A Cow's Moo Can Reveal How They Are Feeling

The vocal tics of a cow's moo can reveal their feelings, expressing a variety of emotions from distress to excitement, according to a new study.

Research published in Scientific Reports suggests cattle talk to one another, communicating their emotions, positive and negative, through individualized voice cues.

The study was led by Alexandra Green, a PhD student at The University of Sydney, who monitored voice calls in a herd of 18 Holstein-Friesian heifers for five months.

Domesticated cattle such as Holstein-Friesian heifers are "gregarious" creatures, according to the researchers, and use vocalizations as a means of mediation within the group.

"Domesticated cattle are highly gregarious, residing in herds in both natural and commercial farming environment," they wrote.

"Within these herds, interactions over short and long distances are mediated by vocalisations."

Green and colleagues studied 333 recordings of cow vocalizations. These included positive calls made during oestrus (a period of sexual receptivity in females, when ovulation occurs) or in anticipation of feed. They also included negative calls made when they were denied feed or isolated from the herd.

The researchers identified two broad call types—a low-frequency nasal call for close-contact or times of low distress and a high-frequency call from the mouth for distant communication and times of high arousal.

The purpose of these calls, they say, is to allow each of the individual cows to maintain contact with the others. It enables them to express their emotions, whether they happen to be feeling excited, aroused, engaged or distressed.

Researchers are finding more and more evidence of vocal calls like these across species—for example, in pigs, horses and wild boar. But while it was known that female cows and their calves could communicate via individualized voicing, this study suggests they maintain individualized voicing throughout their lifetime.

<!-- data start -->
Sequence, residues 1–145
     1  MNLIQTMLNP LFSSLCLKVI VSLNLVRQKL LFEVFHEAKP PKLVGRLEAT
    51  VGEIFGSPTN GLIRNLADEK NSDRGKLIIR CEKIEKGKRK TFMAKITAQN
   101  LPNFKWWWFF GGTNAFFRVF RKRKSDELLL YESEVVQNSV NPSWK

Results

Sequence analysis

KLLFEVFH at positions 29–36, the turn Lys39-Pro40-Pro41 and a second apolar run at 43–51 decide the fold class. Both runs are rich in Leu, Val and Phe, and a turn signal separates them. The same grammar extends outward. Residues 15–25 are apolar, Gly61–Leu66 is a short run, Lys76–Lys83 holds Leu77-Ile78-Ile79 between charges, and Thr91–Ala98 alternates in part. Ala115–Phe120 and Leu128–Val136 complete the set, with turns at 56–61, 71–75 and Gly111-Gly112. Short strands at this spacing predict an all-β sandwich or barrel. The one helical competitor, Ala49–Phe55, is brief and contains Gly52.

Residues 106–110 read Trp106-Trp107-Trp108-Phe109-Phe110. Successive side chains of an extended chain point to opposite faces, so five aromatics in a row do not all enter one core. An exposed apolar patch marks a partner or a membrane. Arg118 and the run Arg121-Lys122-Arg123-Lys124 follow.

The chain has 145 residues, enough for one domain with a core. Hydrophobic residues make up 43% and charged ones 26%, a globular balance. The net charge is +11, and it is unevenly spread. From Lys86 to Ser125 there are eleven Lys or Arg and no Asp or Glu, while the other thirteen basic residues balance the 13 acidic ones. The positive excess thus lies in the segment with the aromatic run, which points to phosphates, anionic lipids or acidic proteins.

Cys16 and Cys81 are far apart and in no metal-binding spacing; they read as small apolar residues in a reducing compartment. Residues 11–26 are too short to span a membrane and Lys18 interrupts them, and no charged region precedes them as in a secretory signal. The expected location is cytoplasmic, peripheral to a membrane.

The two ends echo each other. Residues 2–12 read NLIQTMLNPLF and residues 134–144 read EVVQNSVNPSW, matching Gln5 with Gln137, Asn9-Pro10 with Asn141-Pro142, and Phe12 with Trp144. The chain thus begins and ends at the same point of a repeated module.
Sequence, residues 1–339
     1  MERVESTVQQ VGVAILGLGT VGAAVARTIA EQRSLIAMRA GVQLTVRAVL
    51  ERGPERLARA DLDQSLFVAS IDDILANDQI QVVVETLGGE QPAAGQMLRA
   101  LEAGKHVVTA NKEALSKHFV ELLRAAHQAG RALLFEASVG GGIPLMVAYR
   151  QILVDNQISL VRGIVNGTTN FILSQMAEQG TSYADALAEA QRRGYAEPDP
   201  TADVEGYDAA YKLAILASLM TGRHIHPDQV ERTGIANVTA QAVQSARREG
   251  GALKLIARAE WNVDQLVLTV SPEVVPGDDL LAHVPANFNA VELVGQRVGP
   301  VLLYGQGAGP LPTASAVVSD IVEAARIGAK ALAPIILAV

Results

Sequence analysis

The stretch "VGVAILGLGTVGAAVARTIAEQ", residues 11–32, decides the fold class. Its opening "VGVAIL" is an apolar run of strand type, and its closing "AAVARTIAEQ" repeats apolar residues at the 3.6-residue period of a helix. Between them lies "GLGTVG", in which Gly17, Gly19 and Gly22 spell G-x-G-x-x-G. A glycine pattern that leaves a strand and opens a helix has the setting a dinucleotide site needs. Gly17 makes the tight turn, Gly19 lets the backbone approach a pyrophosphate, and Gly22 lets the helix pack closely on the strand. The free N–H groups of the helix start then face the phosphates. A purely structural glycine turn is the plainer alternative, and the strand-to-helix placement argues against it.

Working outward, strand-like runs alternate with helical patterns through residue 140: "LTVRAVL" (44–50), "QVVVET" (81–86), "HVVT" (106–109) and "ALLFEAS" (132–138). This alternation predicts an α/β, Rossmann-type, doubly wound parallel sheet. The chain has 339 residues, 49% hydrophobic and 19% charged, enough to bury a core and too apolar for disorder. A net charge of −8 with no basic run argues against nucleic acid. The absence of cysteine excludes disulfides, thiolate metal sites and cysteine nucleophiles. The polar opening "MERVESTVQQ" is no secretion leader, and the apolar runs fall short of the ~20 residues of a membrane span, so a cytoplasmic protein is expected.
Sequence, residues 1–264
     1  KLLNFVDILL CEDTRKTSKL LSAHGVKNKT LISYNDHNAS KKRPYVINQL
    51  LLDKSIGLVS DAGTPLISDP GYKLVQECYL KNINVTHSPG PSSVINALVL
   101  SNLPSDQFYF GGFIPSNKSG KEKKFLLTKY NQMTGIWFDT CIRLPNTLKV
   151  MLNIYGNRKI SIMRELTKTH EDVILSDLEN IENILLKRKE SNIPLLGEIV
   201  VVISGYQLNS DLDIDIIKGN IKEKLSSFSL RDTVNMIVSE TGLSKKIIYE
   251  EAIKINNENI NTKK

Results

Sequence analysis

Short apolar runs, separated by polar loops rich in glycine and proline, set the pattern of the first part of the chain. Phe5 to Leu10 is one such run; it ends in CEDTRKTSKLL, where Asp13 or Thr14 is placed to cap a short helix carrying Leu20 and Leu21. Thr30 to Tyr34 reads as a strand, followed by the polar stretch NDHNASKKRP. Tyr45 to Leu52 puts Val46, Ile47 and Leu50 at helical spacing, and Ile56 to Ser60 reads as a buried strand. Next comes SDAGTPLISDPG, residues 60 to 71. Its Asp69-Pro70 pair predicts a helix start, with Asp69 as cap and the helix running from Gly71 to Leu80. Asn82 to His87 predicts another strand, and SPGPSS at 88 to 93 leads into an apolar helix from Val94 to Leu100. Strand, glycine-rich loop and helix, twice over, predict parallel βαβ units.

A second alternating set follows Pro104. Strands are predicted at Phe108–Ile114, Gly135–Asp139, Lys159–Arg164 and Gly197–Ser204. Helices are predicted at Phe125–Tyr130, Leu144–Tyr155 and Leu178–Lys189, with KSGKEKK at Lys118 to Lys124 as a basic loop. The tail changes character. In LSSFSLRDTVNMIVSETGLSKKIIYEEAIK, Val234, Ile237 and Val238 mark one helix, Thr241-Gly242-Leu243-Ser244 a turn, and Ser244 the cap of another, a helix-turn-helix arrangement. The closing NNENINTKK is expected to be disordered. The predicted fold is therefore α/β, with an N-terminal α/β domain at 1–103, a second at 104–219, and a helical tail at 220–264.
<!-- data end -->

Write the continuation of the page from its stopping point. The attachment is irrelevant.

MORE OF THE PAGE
"Cows are gregarious, social animals. In one sense it isn't surprising they assert their individual identity throughout their life and not just during mother-calf imprinting," Green said in a statement.

"But this is the first time we have been able to analyse voice to have conclusive evidence of this trait."

The team hopes the news will help agricultural workers care for their livestock and boost animal welfare by integrating some of the findings into their daily practices.

"We hope that through gaining knowledge of these vocalisations, farmers will be able to tune into the emotional state of their cattle," said Green.

The underpinnings of human language is one of biology's biggest mysteries, but scientists are increasingly finding that animals from elephants to naked mole rats engage in conversations of sorts, taking turns to communicate.

Holstein cows
Holstein cows stand in a field on March 15, 2019, in Mauves-sur-Loire, nortwestern France. New research suggests cows "talk" about their feelings. CHARLY TRIBALLEAU/AFP/Getty